A team of researchers at UC San Diego and San Diego State University has developed a pair of “4-D goggles” that allows wearers to be physically “touched” by a movie when they see a looming object on the screen, such as an approaching spacecraft.
The device was developed based on a study conducted by the neuroscientists to map brain areas that integrate the sight and touch of a looming object and aid in their understanding of the perceptual and neural mechanisms of multisensory integration.
But for the rest of us, the researchers said, it has a more practical purpose: The device can be synchronized with entertainment content, such as movies, music, games and virtual reality, to deliver immersive multisensory effects near the face and enhance the sense of presence.
The advance is described in a paper published online February 6 in the journal Human Brain Mapping by Ruey-Song Huang and Ching-fu Chen, neuroscientists at UC San Diego’s Institute for Neural Computation, and Martin Sereno, the former chair of neuroimaging at University College London and a former professor at UC San Diego, now at San Diego State University.
“We perceive and interact with the world around us through multiple senses in daily life,” said Huang, the first author of the paper. “Though an approaching object may generate visual, auditory, and tactile signals in an observer, these must be picked apart from the rest of world, originally colorfully described by William James as a ‘blooming buzzing confusion.’ To detect and avoid impending threats, it is essential to integrate and analyze multisensory looming signals across space and time and to determine whether they originate from the same sources.”
In the researchers’ experiments, subjects assessed the subjective synchrony between a looming ball (simulated in virtual reality) and an air puff delivered to the same side of the face. When the onset of ball movement and the onset of an air puff were nearly simultaneous (with a delay of 100 milliseconds), the air puff was perceived as completely out of sync with the looming ball. With a delay between 800 to 1,000 milliseconds, the two stimuli were perceived as one (in sync), as if an object had passed near the face generating a little wind.
In experiments using functional Magnetic Resonance Imaging, or fMRI, the scientists delivered tactile-only, visual-only, tactile-visual out-of-sync, and tactile-visual in-sync stimuli to either side of the subject’s face in randomized events. More than a dozen of brain areas were found to respond more strongly to lateralized multisensory stimuli than to lateralized unisensory stimuli, the scientists reported in their paper, and the response was further enhanced when the multisensory stimuli are in perceptual sync.
The Latest on: Multisensory effects
via Google News
The Latest on: Multisensory effects
- Today’s Premium Storieson October 11, 2021 at 9:00 pm
Reducing news to hard lines and side-taking leaves a lot of the story untold. Progress comes from challenging what we hear and considering different views.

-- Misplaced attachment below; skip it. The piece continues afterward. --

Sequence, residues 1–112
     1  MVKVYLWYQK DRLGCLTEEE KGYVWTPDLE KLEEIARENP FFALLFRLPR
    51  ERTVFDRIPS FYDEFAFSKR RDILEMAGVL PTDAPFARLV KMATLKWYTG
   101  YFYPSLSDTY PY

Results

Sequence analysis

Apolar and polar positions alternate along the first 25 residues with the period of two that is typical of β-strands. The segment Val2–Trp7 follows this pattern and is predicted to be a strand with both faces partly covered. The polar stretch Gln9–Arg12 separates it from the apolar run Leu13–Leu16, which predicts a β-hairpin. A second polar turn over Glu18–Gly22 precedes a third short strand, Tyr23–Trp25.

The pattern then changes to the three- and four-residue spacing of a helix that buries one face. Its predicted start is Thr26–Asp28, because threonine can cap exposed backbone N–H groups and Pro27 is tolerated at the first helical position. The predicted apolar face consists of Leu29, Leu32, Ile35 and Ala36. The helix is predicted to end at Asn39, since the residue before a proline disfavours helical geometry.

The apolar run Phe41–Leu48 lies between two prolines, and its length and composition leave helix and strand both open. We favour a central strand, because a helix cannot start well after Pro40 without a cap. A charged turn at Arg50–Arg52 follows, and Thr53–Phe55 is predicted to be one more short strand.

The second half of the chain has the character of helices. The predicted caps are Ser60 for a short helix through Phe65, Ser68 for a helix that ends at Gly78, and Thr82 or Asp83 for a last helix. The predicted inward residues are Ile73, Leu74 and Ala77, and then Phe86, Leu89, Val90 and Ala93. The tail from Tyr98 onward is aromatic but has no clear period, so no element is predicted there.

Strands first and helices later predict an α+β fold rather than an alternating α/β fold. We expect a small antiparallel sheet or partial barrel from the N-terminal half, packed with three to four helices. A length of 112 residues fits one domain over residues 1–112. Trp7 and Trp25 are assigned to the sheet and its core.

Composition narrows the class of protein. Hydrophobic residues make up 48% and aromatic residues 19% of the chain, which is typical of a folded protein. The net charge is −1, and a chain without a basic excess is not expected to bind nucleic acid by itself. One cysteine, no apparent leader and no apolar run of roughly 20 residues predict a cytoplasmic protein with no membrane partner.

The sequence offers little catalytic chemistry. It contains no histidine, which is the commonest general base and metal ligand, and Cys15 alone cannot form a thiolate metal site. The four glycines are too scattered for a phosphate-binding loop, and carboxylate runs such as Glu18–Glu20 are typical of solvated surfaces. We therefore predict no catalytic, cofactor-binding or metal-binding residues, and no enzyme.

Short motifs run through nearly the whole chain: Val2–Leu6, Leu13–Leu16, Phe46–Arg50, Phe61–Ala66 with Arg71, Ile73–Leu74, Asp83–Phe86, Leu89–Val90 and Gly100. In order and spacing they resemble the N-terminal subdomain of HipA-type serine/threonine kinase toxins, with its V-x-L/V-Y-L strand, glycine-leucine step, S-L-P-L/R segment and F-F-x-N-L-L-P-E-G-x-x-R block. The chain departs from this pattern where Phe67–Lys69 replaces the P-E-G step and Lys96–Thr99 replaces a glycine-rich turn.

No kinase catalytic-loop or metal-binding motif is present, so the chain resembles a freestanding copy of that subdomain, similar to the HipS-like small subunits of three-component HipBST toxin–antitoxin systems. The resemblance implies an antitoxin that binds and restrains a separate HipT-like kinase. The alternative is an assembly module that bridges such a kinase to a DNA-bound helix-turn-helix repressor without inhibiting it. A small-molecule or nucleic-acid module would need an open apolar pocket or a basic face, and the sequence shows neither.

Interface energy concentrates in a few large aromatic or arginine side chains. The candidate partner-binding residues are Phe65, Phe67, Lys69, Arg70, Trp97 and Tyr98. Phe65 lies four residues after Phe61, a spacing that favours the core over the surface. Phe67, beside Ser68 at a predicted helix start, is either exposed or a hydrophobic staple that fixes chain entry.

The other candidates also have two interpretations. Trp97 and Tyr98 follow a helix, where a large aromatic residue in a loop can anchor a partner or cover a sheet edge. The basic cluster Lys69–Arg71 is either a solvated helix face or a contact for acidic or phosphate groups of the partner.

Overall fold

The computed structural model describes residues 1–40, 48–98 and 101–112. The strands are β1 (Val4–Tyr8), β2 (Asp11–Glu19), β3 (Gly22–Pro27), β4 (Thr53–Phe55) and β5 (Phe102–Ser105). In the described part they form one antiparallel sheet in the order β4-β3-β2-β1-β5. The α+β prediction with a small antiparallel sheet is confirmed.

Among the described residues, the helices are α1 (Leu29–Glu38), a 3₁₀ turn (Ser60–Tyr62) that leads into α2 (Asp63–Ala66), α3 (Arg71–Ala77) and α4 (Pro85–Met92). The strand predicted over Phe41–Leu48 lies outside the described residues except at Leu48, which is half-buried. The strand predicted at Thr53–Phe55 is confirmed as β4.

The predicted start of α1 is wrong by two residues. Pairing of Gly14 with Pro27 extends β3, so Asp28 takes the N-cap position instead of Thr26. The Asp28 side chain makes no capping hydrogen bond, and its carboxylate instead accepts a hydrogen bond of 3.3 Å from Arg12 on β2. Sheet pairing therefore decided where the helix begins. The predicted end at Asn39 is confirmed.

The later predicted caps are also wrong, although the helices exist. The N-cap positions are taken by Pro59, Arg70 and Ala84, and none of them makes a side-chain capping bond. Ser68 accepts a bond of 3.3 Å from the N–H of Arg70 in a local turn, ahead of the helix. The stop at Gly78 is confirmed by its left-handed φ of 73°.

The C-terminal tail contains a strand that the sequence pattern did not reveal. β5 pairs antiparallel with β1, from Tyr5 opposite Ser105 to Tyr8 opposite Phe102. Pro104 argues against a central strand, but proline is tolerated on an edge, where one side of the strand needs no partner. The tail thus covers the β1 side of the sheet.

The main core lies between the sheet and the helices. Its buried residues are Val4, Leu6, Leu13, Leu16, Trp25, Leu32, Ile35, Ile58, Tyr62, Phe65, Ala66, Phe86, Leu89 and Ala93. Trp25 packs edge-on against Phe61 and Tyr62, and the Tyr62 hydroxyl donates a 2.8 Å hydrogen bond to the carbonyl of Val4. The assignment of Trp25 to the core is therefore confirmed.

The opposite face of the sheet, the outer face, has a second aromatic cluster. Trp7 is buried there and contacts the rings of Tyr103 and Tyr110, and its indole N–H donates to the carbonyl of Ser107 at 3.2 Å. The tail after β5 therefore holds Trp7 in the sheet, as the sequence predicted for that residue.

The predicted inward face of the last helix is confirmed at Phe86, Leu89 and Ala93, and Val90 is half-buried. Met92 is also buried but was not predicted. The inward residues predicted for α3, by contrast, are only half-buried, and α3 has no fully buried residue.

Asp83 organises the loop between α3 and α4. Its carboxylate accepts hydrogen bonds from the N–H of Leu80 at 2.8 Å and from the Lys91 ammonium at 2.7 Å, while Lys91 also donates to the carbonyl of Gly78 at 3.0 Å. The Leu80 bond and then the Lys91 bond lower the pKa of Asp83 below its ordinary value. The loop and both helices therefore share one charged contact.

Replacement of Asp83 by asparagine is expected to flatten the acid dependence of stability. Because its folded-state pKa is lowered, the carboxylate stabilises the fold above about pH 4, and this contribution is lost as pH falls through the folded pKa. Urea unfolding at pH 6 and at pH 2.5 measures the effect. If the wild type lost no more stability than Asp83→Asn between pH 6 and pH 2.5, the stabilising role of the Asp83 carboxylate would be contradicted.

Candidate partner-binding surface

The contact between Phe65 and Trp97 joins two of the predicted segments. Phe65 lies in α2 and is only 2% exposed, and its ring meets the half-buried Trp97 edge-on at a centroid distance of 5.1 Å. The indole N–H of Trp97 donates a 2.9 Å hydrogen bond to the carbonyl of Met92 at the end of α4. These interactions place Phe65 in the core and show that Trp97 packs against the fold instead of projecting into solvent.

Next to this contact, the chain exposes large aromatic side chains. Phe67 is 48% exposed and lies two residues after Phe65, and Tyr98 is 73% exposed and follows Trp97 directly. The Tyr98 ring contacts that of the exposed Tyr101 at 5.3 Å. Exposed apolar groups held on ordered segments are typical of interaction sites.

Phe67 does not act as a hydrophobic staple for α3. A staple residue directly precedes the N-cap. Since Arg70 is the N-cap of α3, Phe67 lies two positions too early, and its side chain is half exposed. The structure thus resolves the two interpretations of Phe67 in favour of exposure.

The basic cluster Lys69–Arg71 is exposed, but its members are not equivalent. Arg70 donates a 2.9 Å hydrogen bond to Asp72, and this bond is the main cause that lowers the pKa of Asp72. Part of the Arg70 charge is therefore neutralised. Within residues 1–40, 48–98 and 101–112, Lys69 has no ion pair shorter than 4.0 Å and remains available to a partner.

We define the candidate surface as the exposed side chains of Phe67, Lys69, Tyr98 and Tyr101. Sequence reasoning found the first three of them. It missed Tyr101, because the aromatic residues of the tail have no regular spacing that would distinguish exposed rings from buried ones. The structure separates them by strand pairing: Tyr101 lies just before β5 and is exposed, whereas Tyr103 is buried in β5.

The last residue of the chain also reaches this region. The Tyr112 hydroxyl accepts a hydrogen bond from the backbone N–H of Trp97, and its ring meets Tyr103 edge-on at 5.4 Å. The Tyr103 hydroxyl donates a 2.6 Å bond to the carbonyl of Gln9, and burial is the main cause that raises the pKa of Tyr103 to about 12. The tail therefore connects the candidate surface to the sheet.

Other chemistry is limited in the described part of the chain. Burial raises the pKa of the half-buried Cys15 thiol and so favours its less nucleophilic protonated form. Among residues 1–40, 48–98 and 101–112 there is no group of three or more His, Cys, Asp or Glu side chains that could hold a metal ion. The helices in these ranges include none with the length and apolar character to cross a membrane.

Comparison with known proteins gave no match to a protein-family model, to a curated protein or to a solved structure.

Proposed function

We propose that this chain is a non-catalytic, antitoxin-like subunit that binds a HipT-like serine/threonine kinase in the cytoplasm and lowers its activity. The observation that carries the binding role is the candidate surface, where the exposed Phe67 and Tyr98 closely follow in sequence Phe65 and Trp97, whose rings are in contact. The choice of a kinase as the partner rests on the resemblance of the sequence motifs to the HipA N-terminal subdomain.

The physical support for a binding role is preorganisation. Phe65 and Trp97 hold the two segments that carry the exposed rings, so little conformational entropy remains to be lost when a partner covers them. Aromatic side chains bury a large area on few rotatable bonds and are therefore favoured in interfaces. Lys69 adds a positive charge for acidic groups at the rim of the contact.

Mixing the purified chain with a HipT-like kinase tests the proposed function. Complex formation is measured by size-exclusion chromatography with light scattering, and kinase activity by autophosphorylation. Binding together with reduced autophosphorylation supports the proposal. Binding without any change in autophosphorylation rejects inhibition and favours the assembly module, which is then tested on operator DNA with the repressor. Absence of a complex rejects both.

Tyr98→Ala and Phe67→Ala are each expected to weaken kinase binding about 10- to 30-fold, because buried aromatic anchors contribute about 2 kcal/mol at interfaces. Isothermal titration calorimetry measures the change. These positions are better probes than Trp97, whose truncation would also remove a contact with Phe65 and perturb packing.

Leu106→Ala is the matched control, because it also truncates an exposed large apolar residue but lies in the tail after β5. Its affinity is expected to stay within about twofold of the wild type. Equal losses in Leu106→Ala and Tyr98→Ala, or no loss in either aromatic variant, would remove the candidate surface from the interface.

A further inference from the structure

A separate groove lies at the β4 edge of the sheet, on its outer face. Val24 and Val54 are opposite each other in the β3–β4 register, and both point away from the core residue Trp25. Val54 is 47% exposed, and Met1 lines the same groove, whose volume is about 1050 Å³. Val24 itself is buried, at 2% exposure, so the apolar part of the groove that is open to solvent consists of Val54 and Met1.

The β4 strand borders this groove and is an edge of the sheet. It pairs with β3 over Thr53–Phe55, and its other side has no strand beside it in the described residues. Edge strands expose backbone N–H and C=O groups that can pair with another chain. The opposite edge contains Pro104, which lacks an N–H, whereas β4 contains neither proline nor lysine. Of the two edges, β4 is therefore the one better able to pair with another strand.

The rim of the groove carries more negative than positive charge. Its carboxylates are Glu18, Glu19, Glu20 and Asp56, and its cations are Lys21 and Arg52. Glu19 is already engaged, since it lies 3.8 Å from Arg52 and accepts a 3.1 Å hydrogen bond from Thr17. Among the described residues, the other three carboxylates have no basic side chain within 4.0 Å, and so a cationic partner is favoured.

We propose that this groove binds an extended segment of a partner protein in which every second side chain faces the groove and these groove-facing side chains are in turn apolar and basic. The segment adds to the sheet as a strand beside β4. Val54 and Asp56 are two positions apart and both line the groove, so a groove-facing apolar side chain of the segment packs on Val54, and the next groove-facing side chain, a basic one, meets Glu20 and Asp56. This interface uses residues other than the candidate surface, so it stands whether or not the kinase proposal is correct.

- The Staying Power of the "At-Home Economy" and the Exciting Brand Opportunities Withinon October 7, 2021 at 5:00 pm
The at-home economy boom is enjoying the lingering effects of a drawn-out pandemic, and the home remains a valuable space for brands to explore Editor's Note: The unabridged version of this ...
- Is Your Brain Wired for Numbers?on October 1, 2021 at 7:11 am
Our perception of quantity, separate from counting or estimation of magnitude more generally, is foundational to human cognition, according to some neuroscientists.
- "No Time To Die" To Debut In The Visually Immersive 270-Degree Panoramic ScreenXon September 29, 2021 at 6:03 am
In the multi-sensory 4DX format, the film will feature over 20 different motion and environmental effects enhancing the action and drawing audiences closer to the story on-screen. Moviegoers will ...
- Virtual Reality Affects Children Differently Than Adultson September 27, 2021 at 3:11 pm
Summary: Immersive virtual reality could disrupt a child’s default coordination strategy, researchers report. While very little is known on the effects of immersive VR on adults, there is next to no ...
- Best Hardwood Floor Cleaners For a Radiant Homeon September 16, 2021 at 6:03 am
Why It Made The Cut: Awarded the Safer Choice certificate from the Environmental Protection Agency (EPA), this cleaner gets hardwood floors spotless while eliminating the harmful effects of ...
- BOV and Esplora prioritising hidden disabilitieson December 13, 2020 at 10:31 pm
MCST will be transforming a 4.5m by 2.6m enclosure into a multisensory room. The room will contain an array of lighting effects, such as projectors with wheels that emit light patterns throughout ...
- Fine-Tuning the Brainon December 8, 2012 at 2:42 pm
For example, the multisensory skills required of musicians make their ... and these neural changes are retained into adulthood. Looking at brainwave patterns using scalp electrodes, Kraus and her team ...
via Bing News